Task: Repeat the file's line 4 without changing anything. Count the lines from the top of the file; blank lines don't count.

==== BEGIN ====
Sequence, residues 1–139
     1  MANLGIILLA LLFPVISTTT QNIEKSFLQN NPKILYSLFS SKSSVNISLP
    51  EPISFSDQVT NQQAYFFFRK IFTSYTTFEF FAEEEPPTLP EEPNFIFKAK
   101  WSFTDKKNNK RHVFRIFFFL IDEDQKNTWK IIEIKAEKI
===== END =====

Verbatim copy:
   101  WSFTDKKNNK RHVFRIFFFL IDEDQKNTWK IIEIKAEKI